Tom Hanks, 'Rollercoaster' author share need to give care to breast cancer patient wives
Hollywood superstar Tom Hanks has become an instant male caregiver.
Because his 58-year-old actress wife, Rita Wilson, recently choose to undergo a double mastectomy.
And reconstructive breast surgery.
She'd been diagnosed with breast cancer after a first test, a biopsy, had mistakenly come back negative.
|Rita Wilson and Tom Hanks|
The disease and operations — according to the Daily Dish site of the San Francisco Chronicle — caused her to temporarily absent herself from "Fish in the Dark," a Broadway play she'd been appearing in.
She was quoted as telling People magazine she's "getting better every day" and expects "to make a full recovery."
Hanks now must deal with feelings similar to those I experienced when my wife underwent "slash, poison and burn" treatments for breast cancer 20 years ago — feelings detailed in my new VitalityPress book, "Rollercoaster: How a man can survive his partner's breast cancer."
My book — aimed at husbands, boyfriends, fathers, sons and brothers of breast cancer patients — is a memoir-chronicle, a love story, and an up-to-the-minute guide to research, meds and where to get help.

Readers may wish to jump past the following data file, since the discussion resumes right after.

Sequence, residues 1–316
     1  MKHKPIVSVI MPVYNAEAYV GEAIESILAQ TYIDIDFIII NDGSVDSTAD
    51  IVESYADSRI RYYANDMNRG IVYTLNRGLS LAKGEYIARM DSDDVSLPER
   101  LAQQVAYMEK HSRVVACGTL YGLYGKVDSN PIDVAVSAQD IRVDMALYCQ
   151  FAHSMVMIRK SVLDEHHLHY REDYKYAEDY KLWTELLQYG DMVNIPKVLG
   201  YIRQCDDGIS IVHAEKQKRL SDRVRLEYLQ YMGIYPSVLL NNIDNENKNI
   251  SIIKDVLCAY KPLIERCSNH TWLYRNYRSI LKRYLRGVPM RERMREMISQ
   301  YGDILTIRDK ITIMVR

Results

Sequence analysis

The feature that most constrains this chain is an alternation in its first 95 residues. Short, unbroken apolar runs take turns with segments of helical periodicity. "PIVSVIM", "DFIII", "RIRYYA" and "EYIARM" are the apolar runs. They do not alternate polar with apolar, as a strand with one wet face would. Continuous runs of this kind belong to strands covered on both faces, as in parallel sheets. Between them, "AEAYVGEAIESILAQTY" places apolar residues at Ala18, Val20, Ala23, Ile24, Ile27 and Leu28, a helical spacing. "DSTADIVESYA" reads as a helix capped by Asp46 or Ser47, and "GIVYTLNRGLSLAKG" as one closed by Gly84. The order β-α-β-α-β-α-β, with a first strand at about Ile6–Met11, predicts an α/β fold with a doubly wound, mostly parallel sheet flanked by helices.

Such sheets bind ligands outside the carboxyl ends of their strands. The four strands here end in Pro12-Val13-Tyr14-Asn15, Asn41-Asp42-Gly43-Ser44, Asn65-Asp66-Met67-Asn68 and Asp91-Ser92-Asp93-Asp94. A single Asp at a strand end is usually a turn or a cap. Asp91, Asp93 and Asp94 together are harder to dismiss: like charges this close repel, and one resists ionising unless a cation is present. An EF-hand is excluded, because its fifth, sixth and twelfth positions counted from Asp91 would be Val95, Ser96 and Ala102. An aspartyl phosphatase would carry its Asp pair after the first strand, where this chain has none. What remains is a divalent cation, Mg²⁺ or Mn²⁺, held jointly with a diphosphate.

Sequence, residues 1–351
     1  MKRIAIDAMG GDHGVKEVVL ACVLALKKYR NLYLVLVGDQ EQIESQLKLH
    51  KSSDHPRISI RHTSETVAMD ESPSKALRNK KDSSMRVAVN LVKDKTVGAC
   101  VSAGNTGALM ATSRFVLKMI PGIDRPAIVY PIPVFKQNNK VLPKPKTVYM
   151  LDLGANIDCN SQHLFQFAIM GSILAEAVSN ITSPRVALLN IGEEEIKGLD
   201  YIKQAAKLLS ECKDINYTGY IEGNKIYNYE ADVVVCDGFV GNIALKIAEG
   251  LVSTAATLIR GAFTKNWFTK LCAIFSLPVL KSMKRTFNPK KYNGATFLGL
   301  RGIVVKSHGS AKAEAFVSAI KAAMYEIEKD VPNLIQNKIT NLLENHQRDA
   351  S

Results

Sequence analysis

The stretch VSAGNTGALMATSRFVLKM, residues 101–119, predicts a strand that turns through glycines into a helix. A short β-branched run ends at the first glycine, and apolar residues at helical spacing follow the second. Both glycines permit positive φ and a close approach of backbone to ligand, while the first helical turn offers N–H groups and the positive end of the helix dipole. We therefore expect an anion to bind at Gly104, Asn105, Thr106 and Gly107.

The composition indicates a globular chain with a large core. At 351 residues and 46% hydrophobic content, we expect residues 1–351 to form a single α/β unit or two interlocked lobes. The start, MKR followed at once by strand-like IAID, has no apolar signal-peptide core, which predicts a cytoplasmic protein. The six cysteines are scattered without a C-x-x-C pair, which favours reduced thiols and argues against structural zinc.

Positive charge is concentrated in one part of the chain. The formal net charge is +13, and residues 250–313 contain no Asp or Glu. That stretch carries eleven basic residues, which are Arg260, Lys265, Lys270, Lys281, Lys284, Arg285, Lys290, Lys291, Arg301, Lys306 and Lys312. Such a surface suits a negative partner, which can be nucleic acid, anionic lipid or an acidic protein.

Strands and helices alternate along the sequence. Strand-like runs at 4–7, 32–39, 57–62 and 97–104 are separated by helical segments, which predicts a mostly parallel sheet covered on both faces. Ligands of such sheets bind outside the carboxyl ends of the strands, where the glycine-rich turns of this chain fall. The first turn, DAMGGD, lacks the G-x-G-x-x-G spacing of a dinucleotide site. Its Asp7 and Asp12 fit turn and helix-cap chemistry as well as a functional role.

It illustrates that, despite surgery, chemotherapy and radiation, there can be light at the end of the tunnel.
According to the American Cancer Society, 13 percent of American women (one in every eight) will get breast cancer at some point, with three-quarters of them having no risk factors except that they’re female.
Wilson — who married Hanks in 1988 and subsequently appeared with him in "Sleepless in Seattle," "That Thing You Do!" and Larry Crowne" — took action after getting a second medical opinion, something she recommends to others as being "critical to your health."
Trust your instincts, she advised, adding that "early diagnosis is key."